Group Theory/Free products and amalgamated sums

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Definition (reduced word):

Let be any set, and define the set to be the set of formal inverses to the elements of ; that is, , so that ; for example, we could define . Let denote the empty tuple. Then a reduced word over is either

  1. the empty tuple , or
  2. a finite tuple of elements of such that whenever are two adjacent elements, then neither and nor and .

Definition (empty word):

The empty tuple is also called the empty word

Proposition (reduction of tuples to reduced words):

Let be any set, and let be the set of formal inverses. Suppose that is any tuple (not necessarily a reduced word). Then in finitely many steps, one may obtain a reduced word from by removing adjacent elements such that either and or and .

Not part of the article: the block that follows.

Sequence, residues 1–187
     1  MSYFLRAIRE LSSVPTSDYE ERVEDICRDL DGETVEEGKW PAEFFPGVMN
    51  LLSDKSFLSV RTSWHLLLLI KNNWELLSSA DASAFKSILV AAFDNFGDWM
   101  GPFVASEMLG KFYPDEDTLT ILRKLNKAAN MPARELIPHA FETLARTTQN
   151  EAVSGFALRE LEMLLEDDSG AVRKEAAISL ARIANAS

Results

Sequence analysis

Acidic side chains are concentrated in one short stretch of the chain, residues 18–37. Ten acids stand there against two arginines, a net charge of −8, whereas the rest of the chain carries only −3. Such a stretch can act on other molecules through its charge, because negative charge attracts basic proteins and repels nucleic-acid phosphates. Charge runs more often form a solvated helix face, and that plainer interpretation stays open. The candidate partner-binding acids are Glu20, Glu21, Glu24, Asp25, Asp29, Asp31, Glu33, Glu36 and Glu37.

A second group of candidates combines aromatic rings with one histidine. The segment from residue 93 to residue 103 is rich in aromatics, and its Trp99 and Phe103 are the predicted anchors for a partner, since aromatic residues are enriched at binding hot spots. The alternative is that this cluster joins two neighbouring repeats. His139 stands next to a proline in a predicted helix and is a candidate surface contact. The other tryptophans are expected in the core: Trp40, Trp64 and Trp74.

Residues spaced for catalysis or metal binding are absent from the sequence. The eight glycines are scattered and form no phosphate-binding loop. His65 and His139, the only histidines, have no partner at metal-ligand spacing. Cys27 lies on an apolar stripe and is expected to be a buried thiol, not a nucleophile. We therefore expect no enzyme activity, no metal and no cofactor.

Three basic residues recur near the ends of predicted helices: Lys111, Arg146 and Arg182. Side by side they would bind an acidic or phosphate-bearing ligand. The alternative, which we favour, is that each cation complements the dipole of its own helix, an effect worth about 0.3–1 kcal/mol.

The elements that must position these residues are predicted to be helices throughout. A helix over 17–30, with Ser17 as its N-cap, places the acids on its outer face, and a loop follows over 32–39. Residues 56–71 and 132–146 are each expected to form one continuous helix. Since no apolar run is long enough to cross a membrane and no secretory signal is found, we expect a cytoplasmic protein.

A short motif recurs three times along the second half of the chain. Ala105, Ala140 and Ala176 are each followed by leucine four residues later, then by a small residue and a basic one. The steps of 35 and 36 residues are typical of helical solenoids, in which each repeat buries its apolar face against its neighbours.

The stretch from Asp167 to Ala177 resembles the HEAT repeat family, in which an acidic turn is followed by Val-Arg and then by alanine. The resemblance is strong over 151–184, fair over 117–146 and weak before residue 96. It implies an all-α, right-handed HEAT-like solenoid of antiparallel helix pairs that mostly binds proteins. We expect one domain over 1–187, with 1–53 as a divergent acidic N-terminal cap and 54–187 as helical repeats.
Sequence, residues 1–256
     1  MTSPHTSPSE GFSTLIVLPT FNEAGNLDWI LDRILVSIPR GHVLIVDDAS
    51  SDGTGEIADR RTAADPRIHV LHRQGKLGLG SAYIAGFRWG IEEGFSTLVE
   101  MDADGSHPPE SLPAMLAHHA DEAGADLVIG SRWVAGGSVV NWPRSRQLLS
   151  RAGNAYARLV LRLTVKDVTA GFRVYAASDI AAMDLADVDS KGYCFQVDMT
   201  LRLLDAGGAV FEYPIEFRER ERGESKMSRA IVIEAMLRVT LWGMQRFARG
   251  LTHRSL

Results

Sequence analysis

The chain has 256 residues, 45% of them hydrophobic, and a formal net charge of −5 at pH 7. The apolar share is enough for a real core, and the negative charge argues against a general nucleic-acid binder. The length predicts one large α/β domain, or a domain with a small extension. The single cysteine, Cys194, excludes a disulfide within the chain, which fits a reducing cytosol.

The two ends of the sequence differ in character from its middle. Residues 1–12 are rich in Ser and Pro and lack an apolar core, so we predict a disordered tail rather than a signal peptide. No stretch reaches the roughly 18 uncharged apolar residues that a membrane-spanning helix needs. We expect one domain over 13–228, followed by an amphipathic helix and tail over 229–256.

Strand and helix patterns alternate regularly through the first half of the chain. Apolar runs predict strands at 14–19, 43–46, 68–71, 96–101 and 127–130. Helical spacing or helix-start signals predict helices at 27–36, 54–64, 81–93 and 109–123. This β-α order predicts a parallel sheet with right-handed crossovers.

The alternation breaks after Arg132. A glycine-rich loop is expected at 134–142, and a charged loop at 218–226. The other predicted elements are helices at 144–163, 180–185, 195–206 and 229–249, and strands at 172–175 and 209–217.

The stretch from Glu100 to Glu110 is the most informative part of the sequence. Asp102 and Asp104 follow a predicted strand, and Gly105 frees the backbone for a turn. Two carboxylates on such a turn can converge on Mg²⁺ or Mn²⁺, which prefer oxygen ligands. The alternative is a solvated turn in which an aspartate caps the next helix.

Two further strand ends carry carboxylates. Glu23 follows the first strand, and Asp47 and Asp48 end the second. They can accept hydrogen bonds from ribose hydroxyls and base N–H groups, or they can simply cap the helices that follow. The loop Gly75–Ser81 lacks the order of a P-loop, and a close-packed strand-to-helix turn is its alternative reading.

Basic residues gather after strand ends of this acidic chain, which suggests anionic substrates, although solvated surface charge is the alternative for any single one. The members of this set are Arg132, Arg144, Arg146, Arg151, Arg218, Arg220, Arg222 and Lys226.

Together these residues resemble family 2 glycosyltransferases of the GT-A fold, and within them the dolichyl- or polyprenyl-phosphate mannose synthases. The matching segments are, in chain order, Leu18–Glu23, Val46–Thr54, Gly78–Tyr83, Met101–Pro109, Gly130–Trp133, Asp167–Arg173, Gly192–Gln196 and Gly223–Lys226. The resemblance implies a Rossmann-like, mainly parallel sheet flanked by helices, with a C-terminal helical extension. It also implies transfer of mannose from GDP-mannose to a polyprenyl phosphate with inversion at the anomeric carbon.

Proof: This follows immediately since the length of the tuple is an integer, which is reduced by 2 whenever adjacent elements that contradict the definition of a reduced word are eliminated. Doing this elimination repeatedly until it is no longer possible will hence lead to a reduced word in a finite number of steps.

Note that when is odd, then the reduced word obtained in this way will not be the empty tuple. Otherwise, the empty tuple may result.

Definition (free group):

Let be any set. Then the free group over is defined to be the group whose elements are the reduced words over and whose group operation is given by first concatenation and then reduction to a reduced word.

Proposition (the free group is a group):

Let be a set. Then is a group.

Proof: The empty tuple serves as an identity. Associativity holds because if are three reduced words, then

Finally, whenever is a reduced word, we claim by induction on that it has an inverse. Certainly the empty word has Indeed, suppose that ; then , which has an inverse by the induction hypothesis, so that by associativity is an inverse of .


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  1. Prove that when is a set such that , then is not an abelian group.